BMW X1 sDrive20i: Small, yet steady
The old BMW X1 was known to be a hot favourite for young couples who want that SUV experience, but yet find the X3 or X5 a bit too big for comfort.
We didn’t really find the old X1 very appealing, though we have to admit that it did make a good size for someone who just started working and is looking for a first car.
Now, BMW has re-engineered this compact SUV to boost its appeal, enhancing its looks, as well as gave it tweaks to its plant under the hood. And that, we found, made it more appealing than ever.
The new X1 boasts a more aggressive and “ready-to-pounce” stance, and looks deceptively similar to its bigger X3 brother. BMW has incorporated its signature LED daytime running lights onto the X1, and revised its front grille and façade to compliment the overall profile of the car.
From the side, you honestly wouldn’t believe that this car stands at the entry-level of the Bavarian marque’s X-range. Sitting on 18” rims, the X1 stands slightly short of 1.6 metres, providing a comfortable height for passengers to slip in and out of the cabin.
When we say that BMW needs to improve on its interior design, we meant for it to apply across the entire family range. The X1 is no different. Open the doors and you’ll be greeted by the all-so-traditional BMW centre console and controls.
But a dated design doesn’t necessarily mean that you lose out on quality. BMW offers top notch luxury leather stitches and finishing across its consoles – you will have none of the creaks and flimsy panels that might irritate you a couple of years down the road.
Compared to its competitors such as the Mercedes-Benz GLA-Class and the Audi Q3, we thought that the X1 felt a little bit more spacious. The rear accommodates three adults comfortably (we couldn’t say the same for the GLA-Class though), and you could even squeeze in a fourth if you really needed to.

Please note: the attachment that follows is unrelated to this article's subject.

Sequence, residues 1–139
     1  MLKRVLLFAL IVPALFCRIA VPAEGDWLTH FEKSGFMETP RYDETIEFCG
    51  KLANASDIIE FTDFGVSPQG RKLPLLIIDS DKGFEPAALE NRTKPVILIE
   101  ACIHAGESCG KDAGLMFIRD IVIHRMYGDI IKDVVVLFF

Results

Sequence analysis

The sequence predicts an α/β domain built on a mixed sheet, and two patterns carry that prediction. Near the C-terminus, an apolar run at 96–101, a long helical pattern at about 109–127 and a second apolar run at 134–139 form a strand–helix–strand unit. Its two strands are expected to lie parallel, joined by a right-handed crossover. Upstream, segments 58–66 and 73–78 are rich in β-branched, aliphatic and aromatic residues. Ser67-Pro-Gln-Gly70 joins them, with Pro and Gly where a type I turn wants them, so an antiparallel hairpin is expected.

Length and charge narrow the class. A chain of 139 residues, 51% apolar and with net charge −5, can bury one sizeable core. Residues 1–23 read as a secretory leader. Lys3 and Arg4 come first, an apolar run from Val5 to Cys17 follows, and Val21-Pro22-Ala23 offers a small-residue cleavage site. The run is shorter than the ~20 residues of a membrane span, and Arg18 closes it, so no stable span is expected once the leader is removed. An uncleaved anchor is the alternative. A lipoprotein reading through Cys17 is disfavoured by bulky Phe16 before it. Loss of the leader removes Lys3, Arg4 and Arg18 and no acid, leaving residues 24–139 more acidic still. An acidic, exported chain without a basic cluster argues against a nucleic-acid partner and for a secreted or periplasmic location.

And of course, the perks of driving an SUV would mean the availability of a larger boot for your barang-barangs. The X1 offers up to 1,550 litres of storage with its rear seats folded down.
With a new engine under its hood, we were really curious as to how the car would perform. And surprisingly (or impressively), it didn’t disappoint.
The X1 now houses a 2-litre twin-scroll turbocharged plant putting out 189 horses and 280 Nm of torque. In layman’s terms, that should get you to the 100 km/h mark in 7.7 seconds on paper, although we managed to clock 8.3.
You’d also be surprised at the seamless changes in gears the X1 offers, no matter how hard you push the pedal. What’s more impressive is that the X1 no longer uses the traditional ZF transmission, but rather, a new 8-speed system by Aisin.
The front-wheel drive may put some petrol-heads off (especially those who strongly believe in rear-wheel drive adrenaline rushes), but the X1 proved itself rather well in tight corners and bends. There’s minimal body roll for a car its size, and it compensates relatively well in terms of power distribution to ensure that you don’t suffer from understeering because of its FWD system.
We must admit that the X1 proved to be one of the better choices for the driver who wants a small(er) but yet spacious SUV. It’s relatively easy to handle (all BMWs are), looks good, and is more importantly, priced rather competitively against its rivals.